The yard signs have been uprooted. The campaign ads have ceased to saturate the airwaves, for now. And Barack Obama settles into a second term as President of the United States. This last week has been a time of jubilation for Democrats, a time of confusion and frustration for Republicans, and a time of shifting gears from soothsaying the election to soothsaying the next four years for the American pundit class.
I remember how I felt when Obama was first elected in 2008. I had spent endless hours on the campaign trail, canvassing neighborhoods across the border in Iowa, phone banking for Hope and Change, furiously getting out the vote on Election Day. When the news came in the evening of November 4, 2008 that Obama had won, my friends and I were reduced to puddles. We had just helped elect the first African American president. We were part of something historic that night.
This time around, my mood is a rather more ambivalent. On the one hand, I’m relieved that America rejected the candidate who ran on an unambiguously anti-woman, anti-poor, anti-gay, anti-minority, anti-science, pro-rich, pro-White, pro-male platform. But I am simultaneously worried, worried that Obama’s next term will just be four more years of defending questionable policies from even more questionable policies, while every day America hurtles faster and faster toward the brink of environmental and economic collapse.
As pleased as I may be to see Mitt Romney go down to defeat, this much at least could have been said for a Romney presidency: it would have galvanized the American left. And as Romney’s neoliberal class warfare broke the backs of more and more working Americans, the left would have found more and more support for systemic change among moderates (in which category I count most Democrats).
Of course, a Romney presidency would also have meant a hastening of devastating climate change, a massive cession of democratic power to the capitalist class, and unquantifiable human suffering under the insane politics of simultaneous domestic austerity and imperial expansion. Even if Obama isn’t perfect, at least we won’t be returning to a state of affairs where 50 million Americans are still uninsured under the world’s most expensive health insurance system.
What I’m afraid will happen over the next four years, though, is that, content with their recent victory and convinced that “The best is yet to come,” many progressives will lose their drive for change, sit back, and wait for Obama to deliver, just as they did in 2008. Or, as happened in Wisconsin in 2011, they will funnel their creative energies into the next round of elections rather than trying to alter the state of American politics in any real, meaningful way.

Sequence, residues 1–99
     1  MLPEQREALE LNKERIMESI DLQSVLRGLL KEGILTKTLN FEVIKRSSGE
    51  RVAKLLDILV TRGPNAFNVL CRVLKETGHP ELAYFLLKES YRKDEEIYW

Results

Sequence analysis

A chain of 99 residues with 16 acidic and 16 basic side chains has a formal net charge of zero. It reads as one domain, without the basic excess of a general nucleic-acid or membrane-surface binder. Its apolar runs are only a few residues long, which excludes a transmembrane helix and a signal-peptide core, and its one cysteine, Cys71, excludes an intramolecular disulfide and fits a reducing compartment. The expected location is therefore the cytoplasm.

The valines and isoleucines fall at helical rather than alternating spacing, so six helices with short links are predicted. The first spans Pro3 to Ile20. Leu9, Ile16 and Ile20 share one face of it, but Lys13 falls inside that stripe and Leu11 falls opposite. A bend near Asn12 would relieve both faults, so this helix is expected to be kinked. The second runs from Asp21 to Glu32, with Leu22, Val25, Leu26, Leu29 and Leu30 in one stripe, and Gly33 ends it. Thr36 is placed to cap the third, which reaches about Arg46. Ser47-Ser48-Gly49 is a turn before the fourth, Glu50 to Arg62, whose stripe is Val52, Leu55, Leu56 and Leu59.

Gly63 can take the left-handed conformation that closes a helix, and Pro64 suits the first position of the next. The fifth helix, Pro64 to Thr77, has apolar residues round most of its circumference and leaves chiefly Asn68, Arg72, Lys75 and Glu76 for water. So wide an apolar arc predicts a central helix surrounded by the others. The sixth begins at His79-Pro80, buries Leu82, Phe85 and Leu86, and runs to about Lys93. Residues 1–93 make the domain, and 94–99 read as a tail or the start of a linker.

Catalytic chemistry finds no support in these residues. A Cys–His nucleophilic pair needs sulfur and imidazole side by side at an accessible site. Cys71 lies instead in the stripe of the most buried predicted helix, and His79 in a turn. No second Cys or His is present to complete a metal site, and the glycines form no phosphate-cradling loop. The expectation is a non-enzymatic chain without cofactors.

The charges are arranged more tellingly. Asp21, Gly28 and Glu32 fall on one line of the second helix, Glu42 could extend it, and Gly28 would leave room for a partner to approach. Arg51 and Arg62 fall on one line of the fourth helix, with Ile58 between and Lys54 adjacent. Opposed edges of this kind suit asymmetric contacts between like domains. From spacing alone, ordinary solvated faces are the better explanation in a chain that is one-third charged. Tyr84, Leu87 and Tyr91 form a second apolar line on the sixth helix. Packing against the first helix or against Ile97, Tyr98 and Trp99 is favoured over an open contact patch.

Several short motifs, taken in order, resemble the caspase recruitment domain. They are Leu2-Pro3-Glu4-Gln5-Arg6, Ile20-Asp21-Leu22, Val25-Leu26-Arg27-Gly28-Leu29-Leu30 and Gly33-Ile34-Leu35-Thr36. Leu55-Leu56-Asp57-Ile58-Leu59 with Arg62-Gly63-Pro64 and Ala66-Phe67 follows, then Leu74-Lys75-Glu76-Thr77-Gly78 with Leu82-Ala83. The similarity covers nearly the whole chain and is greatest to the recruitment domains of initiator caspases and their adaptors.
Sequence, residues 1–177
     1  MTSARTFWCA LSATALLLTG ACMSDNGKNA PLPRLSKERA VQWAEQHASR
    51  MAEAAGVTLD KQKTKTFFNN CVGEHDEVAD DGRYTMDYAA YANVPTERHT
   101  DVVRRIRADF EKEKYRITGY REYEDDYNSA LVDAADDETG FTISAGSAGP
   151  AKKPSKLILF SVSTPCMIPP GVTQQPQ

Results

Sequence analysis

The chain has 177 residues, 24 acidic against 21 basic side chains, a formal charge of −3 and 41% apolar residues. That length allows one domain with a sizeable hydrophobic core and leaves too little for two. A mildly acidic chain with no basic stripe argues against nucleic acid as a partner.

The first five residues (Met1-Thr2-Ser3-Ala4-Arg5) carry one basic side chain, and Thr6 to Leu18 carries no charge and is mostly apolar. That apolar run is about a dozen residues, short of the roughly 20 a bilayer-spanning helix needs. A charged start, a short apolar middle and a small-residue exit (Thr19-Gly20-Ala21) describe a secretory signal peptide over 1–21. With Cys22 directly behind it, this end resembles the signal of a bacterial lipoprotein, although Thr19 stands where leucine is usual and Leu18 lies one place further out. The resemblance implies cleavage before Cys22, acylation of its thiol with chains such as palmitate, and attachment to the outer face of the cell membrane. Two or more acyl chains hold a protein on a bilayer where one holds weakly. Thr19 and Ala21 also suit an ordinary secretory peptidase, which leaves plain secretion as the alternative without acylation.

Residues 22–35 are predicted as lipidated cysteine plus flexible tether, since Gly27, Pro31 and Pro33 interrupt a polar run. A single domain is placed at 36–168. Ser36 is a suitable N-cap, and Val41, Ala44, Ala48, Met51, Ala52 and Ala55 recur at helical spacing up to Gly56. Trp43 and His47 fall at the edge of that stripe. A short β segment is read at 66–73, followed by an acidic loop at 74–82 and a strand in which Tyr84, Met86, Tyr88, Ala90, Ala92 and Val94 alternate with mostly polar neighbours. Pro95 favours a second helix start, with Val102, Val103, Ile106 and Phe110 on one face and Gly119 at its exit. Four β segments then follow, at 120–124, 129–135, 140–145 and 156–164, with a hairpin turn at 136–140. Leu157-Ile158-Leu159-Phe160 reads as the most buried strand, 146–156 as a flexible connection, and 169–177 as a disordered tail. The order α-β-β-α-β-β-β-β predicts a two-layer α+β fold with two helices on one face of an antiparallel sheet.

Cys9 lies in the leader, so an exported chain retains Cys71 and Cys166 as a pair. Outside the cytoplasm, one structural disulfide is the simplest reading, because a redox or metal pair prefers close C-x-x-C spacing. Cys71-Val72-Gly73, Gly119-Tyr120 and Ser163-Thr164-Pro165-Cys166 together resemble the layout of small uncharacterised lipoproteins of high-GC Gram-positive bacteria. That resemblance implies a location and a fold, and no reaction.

Most Democrats I know (not to mention Libertarians and points further left) are deeply uncomfortable with Obama’s continuing drone wars in Somalia, Yemen, and Pakistan, or his administration’s official policy of simply not talking about climate change. These are serious issues. Indeed, the latter might just be the single biggest issue facing the world today: a much-quoted report recently estimated that as many as 100 million people could die by 2030 as a result climate change.
We’re talking about a global catastrophe here. But you didn’t hear much about it on the campaign trail.
Perhaps things will change as Obama enters his new term. Perhaps without the Damoclean Sword of reelection hanging over his head, he’ll be empowered to take a more progressive stance on those issues progressives wished he would’ve taken more a progressive stance on the first time around.
My gut tells me he won’t though. A glance through Obama’s portfolio of presidential accomplishments reveals no true progressive, but rather a moderate centrist who continued the bank bailouts of George W. Bush’s last few months, failed to pursue systemic reform of the finance sector, and based his health care plan on the Massachusetts model that his Republican opponent signed into law. Indeed, Obama is in some ways more classically Republican than anyone in the present-day Republican Party.
Rocky Anderson, the Justice Party’s candidate for President, put it succinctly: “There were people pushing from the left during the beginning of the Obama administration and his chief of staff was telling them to all just shut up and get in line. And unfortunately that’s what much of the Democratic Party and most of their members did.”
My fear is precisely this: that for the next for years, progressive energies will be spent defending Democratic policies against the right, leaving, in the heat of the perpetual American election, little room for critique of those policies.
I wish President Obama only the best in his second term in office. He fought hard for it, and all things considered, I’m glad he won – the alternative was pretty dire. I hope he will use his reelection as a mandate to courageously confront the challenges facing America today.
But I also know that politicians often need a bit of prodding to do the right thing. That is why the time has come—in truth it came four years ago—for the American people to put Barack Obama’s feet to the fire, to hold him to his promises, indeed, to push him beyond them. The election may be over, but the real work is just getting started.
–Tom Emanuel is the executive director of the South Dakota Peace & Justice Center